Decentralising the Farmer-to-Farmer Extension Approach to the Local Level: Challenges and Opportunities
Soma Kumari Rana and Shiva Kumar Shrestha
Since 1999 (2055 BS), the Swiss-funded Sustainable Soil Management Programme (SSMP), which is implemented by HELVETAS Swiss Intercooperation, has been promoting a decentralised extension system, the Farmer-to-Farmer approach (FtF), as a means to disseminate appropriate agricultural technologies to mid-hill farmers unreached by government extension services. The importance of this approach has been realised by district and local level stakeholders, as well as in the national policy arena. The FtF approach aims to improve agriculture service delivery to rural farmers in Nepal, especially rural women and the disadvantaged in remote areas, which has been limited by poor access to extension services and information, poor access to and control over resources, and a lack of a gender sensitive extension system.
The Local Self Governance Act of Nepal (LSGA 2055 BS, 1999) has clearly indicated the rights and responsibilities of local bodies in relation to decentralised service delivery. In the spirit of the LSGA, the subsequent VDC-block grant operating guidelines (2067 BS, 2011) have also given high priority to agriculture service provision. However, due to lack of institutional mechanisms, and financial and human resources, the decentralisation of agriculture development has not taken place as envisaged by the LSGA. In order to increase the access to agricultural services by rural communities, SSMP has begun to facilitate the establishment of VDC-level Agriculture Forest and Environment Committees (AFECs) as functional institutions to manage the FtF extension approach. This is undertaken through mobilising SSMP’s Experienced Leader Farmers (ELFs) who provide agricultural coaching and services to farmer groups in remote areas. The development and mobilisation of ELFs to provide agriculture services to previously unreached farmers is one of the successful and cost effective strategies developed by SSMP, and has resulted in increased empowerment and productivity, and improved livelihoods.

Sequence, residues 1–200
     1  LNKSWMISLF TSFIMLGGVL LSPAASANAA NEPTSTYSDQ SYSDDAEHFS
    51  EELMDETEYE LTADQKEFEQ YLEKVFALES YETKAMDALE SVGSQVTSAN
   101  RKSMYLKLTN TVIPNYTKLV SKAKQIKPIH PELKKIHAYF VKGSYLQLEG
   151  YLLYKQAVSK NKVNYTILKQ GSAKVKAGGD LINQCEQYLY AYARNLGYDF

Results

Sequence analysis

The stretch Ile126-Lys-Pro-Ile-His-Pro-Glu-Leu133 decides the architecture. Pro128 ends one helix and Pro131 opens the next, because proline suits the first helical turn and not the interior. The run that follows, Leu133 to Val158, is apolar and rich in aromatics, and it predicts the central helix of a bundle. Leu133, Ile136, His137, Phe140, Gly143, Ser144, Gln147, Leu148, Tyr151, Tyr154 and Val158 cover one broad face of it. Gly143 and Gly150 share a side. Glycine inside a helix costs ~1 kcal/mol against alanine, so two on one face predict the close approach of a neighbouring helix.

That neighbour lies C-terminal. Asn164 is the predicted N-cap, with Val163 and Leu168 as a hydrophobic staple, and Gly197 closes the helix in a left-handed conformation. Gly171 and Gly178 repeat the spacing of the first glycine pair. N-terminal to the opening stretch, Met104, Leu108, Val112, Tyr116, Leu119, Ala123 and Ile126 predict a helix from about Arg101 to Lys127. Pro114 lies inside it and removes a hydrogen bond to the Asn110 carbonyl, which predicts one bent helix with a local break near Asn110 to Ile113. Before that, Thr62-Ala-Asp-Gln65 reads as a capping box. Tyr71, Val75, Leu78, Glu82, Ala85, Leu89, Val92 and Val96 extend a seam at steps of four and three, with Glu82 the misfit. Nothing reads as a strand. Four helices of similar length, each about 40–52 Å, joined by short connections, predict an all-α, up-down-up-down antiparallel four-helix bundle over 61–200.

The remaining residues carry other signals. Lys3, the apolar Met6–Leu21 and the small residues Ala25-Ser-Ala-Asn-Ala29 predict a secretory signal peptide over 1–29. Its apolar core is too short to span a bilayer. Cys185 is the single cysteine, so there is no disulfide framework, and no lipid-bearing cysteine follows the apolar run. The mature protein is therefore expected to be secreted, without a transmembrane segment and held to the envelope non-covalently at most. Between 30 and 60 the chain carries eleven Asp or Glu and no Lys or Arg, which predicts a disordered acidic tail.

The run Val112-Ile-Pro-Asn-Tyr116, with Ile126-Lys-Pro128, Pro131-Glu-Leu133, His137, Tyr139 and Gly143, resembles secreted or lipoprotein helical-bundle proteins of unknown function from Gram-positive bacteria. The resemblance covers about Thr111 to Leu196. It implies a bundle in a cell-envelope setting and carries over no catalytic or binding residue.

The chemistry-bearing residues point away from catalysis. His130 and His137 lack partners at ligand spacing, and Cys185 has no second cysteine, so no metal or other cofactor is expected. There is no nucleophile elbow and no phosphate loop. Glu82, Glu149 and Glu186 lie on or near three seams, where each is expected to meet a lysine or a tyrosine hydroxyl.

SSMP, through this decentralised agriculture extension, is reaching women and other disadvantaged groups with a package of appropriate agricultural technologies, but faces challenges in a number of areas – strengthening the capacities of AFECs and ELFs; enhancing the awareness and importance of Gender Equity, Social Inclusion and Poverty (GESIP) amongst the programme’s partner stakeholders; acceptance of female leadership in the AFECs; the mobility of women and Dalit extension workers; and the commonly institutionalised gender roles in agricultural and household work.
This paper argues that interventions should not just be about increasing agricultural production, but must also be concerned with integrating on-farm issues from the perspective of socio-economics, equity, and institutional politics. It highlights the need for field implementers to acquire sensitivity and solid social competencies to ensure that extension services reach the socio-economically disadvantaged groups, not just the elites. It concludes that embedding a gender and social inclusion approach into agricultural extension programmes requires long-term dedicated focus, appropriate strategies, resources, and a determined effort from all concerned stakeholders.